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This tasty, crowd-pleasing red sangria cocktail is lighter, fruitier, and spicier than traditional red wine. It’s my go-to on Thanksgiving and Christmas because it can be in just 5 minutes and everyone loves it! It works especially well during summer, fall, and winter.

red sangria in a glass with cinnamon sticks.
(Wine Folly books are my favorite wine resources. They make wine easy and interactive to learn with lots of pictures, charts, and easy-to-follow guides. Learn more about sangria in them.)

5-Minute Red Sangria For a Crowd

  • Can be made vegan with vegan wine. (Check Barnivore for some vegan options.)
  • Yield: 16
  • Prep Time: 5 minutes
  • Total Time: 5 minutes


  • One 3L box of red sangria wine (or 4 750 mL bottles of red sangria wine)
  • 3-4 oranges
  • 3-4 red apples
  • 4-5 cinnamon sticks (plus more for garnishing glasses)
  • Generous amount of ice


  1. Pour the wine over a generous amount of ice in a pitcher or drink/dispenser.
  2. Chop the apples and oranges and add them to the pitcher or drink dispenser. Stir with a wooden spoon to mix the fruit in well.
  3. Add the cinnamon sticks and stir again to mix everything well.
  4. Serve over ice with a cinnamon stick garnish and enjoy!


Don’t skip the cinnamon sticks. They bring out much more flavor in the fruit and wine quickly.

While Tempranillo and Garnacha are traditionally used to make red sangria, don’t scoff at my suggestion to instead use bulk “red sangria” wine as “cheap wine” just yet! Sangria is meant to be light, fruity, and juicy. Bulk wine labeled as sangria already tastes as if you had marinated fruit in it for 24-48 hours, saving you tons of time and effort.

Sangria tastes best with ice. I mix it in a pitcher or drink dispenser with ice and serve it over ice.

Sangria can last 3-5 days in total, depending on the fruit. If the fruit is starting to appear mushy, it’s time to discard the sangria.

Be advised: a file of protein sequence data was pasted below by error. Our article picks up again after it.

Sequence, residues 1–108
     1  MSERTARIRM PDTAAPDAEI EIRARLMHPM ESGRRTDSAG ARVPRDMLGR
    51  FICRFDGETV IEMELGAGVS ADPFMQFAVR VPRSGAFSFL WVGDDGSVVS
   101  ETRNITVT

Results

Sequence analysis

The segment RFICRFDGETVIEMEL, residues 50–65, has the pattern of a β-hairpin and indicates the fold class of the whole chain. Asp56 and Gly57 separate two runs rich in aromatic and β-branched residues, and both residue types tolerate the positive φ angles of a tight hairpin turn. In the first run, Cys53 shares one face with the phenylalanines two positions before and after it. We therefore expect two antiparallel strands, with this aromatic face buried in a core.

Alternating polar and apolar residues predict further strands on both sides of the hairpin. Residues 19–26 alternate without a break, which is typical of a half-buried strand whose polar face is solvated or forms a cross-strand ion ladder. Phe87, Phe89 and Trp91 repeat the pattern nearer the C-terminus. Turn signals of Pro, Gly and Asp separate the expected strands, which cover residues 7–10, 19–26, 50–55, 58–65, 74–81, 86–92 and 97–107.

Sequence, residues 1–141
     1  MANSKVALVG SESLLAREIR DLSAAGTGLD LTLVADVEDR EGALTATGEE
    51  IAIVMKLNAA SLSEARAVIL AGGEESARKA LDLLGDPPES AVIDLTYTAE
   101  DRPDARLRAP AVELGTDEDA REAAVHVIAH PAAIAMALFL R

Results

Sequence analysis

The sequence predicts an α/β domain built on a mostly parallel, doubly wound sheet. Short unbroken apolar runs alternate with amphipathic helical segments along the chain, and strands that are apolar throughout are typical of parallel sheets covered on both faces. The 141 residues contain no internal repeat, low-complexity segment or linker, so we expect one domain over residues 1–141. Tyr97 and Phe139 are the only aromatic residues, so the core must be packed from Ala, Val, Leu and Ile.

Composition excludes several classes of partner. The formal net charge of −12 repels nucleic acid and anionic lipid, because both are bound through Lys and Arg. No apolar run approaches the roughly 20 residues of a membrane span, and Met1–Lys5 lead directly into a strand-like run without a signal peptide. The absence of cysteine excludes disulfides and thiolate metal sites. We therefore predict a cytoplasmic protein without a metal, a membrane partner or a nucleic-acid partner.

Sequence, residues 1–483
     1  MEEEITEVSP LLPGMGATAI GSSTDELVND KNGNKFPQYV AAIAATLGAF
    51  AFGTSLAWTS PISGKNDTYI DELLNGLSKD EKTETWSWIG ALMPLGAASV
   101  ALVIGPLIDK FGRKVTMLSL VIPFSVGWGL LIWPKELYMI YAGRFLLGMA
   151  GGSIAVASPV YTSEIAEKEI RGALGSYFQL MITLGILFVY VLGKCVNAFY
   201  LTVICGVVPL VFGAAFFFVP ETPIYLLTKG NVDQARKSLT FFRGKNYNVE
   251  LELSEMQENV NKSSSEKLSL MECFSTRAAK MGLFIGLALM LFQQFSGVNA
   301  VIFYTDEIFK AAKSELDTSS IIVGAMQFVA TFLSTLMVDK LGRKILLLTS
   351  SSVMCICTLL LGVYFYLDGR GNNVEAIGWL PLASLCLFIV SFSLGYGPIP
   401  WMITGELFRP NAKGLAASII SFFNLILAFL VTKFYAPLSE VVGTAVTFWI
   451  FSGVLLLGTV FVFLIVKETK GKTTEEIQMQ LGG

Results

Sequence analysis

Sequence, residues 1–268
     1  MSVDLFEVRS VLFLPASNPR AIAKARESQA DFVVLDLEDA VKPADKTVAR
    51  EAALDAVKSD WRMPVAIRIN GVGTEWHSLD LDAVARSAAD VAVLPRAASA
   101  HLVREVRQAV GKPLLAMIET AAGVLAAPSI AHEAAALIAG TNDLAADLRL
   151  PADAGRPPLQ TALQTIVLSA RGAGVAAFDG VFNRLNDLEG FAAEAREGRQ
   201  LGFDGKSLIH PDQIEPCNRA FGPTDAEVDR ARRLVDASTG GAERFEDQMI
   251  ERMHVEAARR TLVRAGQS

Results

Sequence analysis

Why You’ll Love This Red Sangria

It only takes 5 minutes to make, yet still offers the deep flavors of traditional sangria, which can be a time-consuming pain to make. Traditionally, sangria should “sit” for a long period of time (up to a few days) to get the most flavor from the ingredients.

It’s a crowd-pleaser. My family has requested this red sangria at holiday parties for over five years now and, truly, everyone likes it, from the casual drinkers to the wine aficionados. It’s neither too light nor too strong, and it has great flavor for minimal effort.

overhead view of red sangria in a glass with a wine book.

Frequently Asked Questions

What is sangria?

Sangria, which means “blood,” is a Spanish cocktail, which traditionally consisted of red wine and chopped fruit, often with other ingredients, like sugar or spirits, like brandy or triple sec. However, I have also had white sangria and rose sangria. The trick is pairing the type of wine with complementary fruits. (Source 1Source 2)

How would you describe sangria?

Sangria is a sweet, spicy, and fruity iced wine drink. It tastes like cold fruit juice with added fruit and herbaceous seasonings.

What is a good red sangria wine?

Traditionally, Spanish red wines that are more fruity and have fewer tannins make for the best sangria. Tempranillo and Garnacha generally work well. There’s no need to get anything expensive, as the wine will become overpowered by the fruit flavors anyway. You can also buy wine that is labeled as sangria.

Does sangria have to sit overnight?

Not necessarily. If you use wine labeled as sangria wine, it does not have to sit overnight to embody intense fruit flavors. Otherwise, it will taste better if it sits overnight.


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